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New Caledonia airport to stay closed to commercial flights until Tuesday

A man walks past a damaged supermarket in Noumea, France's Pacific territory of New Caledonia, on May 24, 2024.
A man walks past a damaged supermarket in Noumea, France's Pacific territory of New Caledonia, on May 24, 2024.

The international airport in the New Caledonian capital, Noumea, will remain closed to commercial flights until at least 9 a.m. Tuesday (2200 GMT Monday), Charles Roger, director of the body that operates the facility, told AFP.

That would extend the shutdown to nearly two weeks in total, after flights were halted on May 15 in the face of deadly rioting that broke out in the French Pacific territory.

The news on Friday came as French President Emmanuel Macron warned the archipelago must not become "the Wild West" during a television interview with local media.

France has dispatched about 3,000 security personnel to the territory in a bid to restore order after more than a week of rioting that has left at least six people dead.

Macron justified the measure as necessary for a "return to calm," because "it's not the Wild West."

"The republic must regain authority on all points. In France, not everyone defends themselves," he added, reference to local groups who have organized the defense of their neighborhoods amid the unrest.

"There is a republican order, it is the security forces who ensure it," he added.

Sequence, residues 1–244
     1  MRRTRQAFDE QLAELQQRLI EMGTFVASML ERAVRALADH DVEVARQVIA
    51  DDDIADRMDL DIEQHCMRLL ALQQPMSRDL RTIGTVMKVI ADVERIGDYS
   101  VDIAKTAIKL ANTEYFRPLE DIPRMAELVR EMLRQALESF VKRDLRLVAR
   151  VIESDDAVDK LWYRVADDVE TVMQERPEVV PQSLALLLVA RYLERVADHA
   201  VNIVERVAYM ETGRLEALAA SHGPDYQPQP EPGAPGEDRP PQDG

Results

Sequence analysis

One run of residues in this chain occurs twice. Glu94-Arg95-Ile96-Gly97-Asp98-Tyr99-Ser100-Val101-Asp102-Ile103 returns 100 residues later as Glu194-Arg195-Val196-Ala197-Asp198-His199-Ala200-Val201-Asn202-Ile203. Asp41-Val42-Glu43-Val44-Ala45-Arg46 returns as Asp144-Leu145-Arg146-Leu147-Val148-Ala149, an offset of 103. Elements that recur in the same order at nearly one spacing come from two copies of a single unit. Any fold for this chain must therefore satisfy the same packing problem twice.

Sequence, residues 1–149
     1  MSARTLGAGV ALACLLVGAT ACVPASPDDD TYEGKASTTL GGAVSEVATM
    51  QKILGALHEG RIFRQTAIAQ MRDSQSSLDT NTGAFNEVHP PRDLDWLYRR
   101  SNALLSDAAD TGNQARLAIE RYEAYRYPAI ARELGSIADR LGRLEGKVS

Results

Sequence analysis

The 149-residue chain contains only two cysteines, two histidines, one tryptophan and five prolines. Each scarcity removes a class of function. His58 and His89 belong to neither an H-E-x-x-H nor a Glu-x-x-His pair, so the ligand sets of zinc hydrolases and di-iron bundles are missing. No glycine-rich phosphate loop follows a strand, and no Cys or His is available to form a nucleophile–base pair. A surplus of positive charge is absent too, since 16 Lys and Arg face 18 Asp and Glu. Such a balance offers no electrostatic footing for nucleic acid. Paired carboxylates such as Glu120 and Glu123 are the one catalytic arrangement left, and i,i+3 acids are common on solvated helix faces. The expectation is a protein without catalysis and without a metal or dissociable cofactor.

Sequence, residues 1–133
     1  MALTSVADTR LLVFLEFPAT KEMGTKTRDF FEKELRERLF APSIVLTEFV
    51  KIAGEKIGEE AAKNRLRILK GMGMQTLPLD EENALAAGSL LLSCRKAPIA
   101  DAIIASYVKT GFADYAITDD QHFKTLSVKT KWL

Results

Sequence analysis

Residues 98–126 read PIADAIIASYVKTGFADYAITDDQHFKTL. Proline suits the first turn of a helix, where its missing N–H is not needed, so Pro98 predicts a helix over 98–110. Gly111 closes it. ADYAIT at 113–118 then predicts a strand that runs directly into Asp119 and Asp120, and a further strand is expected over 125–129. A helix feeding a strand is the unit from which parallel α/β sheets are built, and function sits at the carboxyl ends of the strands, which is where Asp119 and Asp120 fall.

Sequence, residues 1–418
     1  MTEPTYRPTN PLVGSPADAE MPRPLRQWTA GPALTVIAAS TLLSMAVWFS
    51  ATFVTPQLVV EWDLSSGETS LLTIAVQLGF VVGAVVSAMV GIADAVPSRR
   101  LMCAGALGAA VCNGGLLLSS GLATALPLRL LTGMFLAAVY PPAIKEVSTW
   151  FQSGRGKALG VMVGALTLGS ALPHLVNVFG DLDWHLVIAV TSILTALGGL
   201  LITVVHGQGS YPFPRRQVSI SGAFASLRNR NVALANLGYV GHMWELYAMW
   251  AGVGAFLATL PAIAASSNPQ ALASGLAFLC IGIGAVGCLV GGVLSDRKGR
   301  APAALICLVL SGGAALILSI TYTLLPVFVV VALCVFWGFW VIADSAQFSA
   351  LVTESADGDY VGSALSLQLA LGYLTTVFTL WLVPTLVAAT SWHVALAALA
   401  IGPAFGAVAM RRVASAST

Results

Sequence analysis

Since Tuesday, New Zealand and Australia have been carrying out special evacuation flights to bring home hundreds of tourists stranded by the unrest, which was sparked by opposition to controversial electoral reforms.

The Australian evacuation flights were set to continue Friday, Foreign Minister Penny Wong said on social media platform X Thursday evening.

Military aircraft from both countries were expected to pass through Noumea on Friday, according to flight tracker site Flightradar24.

Since May 13, hundreds have been injured amid looting, arson and clashes triggered by the French voting reform plan.

New Caledonia has been ruled from Paris since the 1800s, but many Indigenous Kanaks still resent France's power over their islands and want fuller autonomy or independence.

France had planned to give voting rights to thousands of non-Indigenous long-term residents, something Kanaks say would dilute the influence of their votes.

Separatists have thrown up barricades that have cut off whole neighborhoods, as well as the main route to the international airport.

Macron on Thursday conceded more talks were needed on the voting changes, and pledged they would "not be forced through in the current context."

"We will allow some weeks to allow a calming of tensions and resumption of dialogue to find a broad accord" among all parties, he added, saying he would review the situation again within a month.

Caledonians would be asked to vote on their future if leaders can reach an over-arching agreement, Macron said. The French parliament's lower house had approved the voting reform, but final ratification was still needed.